The Spi¨al Tap discography -- With a new album being released, we look back on the career of this influential rock band

* Break Like the Wind Tap’s new album presents both the ultimate enigma and the ultimate challenge to the group’s credibility. Daringly interlarding hot new tracks in its reborn molten-metal style (”Bitch School,” ”Cash on Delivery”) with classic period pieces (”The Sun Never Sweats”), the band offers a uniquely valuable panorama of its development. But it also raises a key question: Has Tap sold out? Squeaky-clean production values, all-star guest soloists like Jeff Beck, Dweezil Zappa, and Cher (!), flawless engineering, and socially relevant issues like ecology (”Stinkin’ Up the Great Outdoors”) — are these what we’ve come to expect from the World’s Loudest Band? We’re strongly ambivalent, but we’ll give this record the benefit of the doubt, if only because it joins the soundtrack from This Is Spi¨al Tap as one of the two Tap albums actually available in stores. Besides, if Break succeeds — and it’s Tap’s biggest mover since Intravenus de Milo went platinum when record stores returned more than 1 million copies- maybe someone will bring the rest of these gems (we’ve omitted a live album or two) from Tap’s legendary catalog back into print. A
* Spinal Tap Sings ”(Listen to the) Flower People” and Other Favorites The band’s clear, crisp, scintillating 1967 debut. Was it the first breath of a new dawn sweeping over the sludgy, self-satisfied rooftops of rock & roll? Or was it a new, gritty realism seeking to blot out the prettified homogeneity of early-’60s pop? Who cares? A+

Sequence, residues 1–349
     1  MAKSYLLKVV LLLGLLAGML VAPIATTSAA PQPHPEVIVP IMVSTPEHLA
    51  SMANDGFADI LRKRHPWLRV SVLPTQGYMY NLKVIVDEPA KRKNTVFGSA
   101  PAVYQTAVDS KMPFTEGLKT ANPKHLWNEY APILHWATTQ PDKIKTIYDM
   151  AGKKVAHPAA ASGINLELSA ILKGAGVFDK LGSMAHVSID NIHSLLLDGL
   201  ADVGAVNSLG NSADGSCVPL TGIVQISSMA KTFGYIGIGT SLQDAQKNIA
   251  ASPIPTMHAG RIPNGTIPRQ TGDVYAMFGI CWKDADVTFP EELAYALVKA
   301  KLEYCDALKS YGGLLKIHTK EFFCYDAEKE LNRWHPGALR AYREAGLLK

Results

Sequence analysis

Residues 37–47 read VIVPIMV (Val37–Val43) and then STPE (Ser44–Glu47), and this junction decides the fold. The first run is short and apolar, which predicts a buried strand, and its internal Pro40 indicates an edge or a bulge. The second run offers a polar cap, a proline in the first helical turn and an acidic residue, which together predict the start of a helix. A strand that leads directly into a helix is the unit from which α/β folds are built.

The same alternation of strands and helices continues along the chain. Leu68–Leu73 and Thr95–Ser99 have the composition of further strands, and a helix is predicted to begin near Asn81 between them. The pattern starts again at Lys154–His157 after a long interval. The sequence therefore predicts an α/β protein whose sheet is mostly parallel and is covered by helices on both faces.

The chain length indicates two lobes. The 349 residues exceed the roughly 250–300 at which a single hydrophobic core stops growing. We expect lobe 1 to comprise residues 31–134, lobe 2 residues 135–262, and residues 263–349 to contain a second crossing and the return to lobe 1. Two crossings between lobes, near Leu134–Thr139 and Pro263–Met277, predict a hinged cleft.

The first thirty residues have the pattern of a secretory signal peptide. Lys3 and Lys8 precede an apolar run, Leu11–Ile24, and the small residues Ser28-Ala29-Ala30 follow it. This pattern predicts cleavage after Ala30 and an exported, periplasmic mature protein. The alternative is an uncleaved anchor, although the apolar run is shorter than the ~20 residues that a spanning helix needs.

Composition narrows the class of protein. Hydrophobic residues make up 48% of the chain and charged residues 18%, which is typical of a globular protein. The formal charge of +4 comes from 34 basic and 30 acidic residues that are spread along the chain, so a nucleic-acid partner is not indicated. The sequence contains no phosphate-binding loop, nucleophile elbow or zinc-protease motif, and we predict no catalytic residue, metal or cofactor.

* We Are All Flower People If the first record was premier cru Bordeaux, its sequel was pure red ink. C-
* Brainhammer The band hits its lumbering stride in 1973, moving with the lean, mean aplomb of a brontosaurus in fighting trim. A
* Nerve Damage; Blood to Let; and Intravenus de Milo Early-’70s releases, each suffering from a certain sameness that set in during Tap’s meteoric rise to the middle of the pack. All three: B-
* The Sun Never Sweats Ponderous 1975 concept album. Tap stumbles big. C
* Bent for the Rent Tap in its brief glitter-rock phase, performing the ill-conceived glam-soul pastiche ”When a Man Looks Like a Woman.” C-
* Shark Sandwich Heavy-metal heaven, from 1980. You’d have to go clear back to Brueghel for an equally heady brew of hardworking Everyman earthiness and primal barnyard lust. A+
* Smell the Glove That notorious suppressed cover must have been just too sexy for 1982. But sexist? Tap as misogynists? Gimme a break! B+
* This Is Spinal Tap — Soundtrack More of a greatest-hits package than a bold step forward. Still, many tunes are given new live treatments, and all in all, this 1984 release remains an irreplaceable document of the band’s evolution from raw potential to irreversible deafness. A-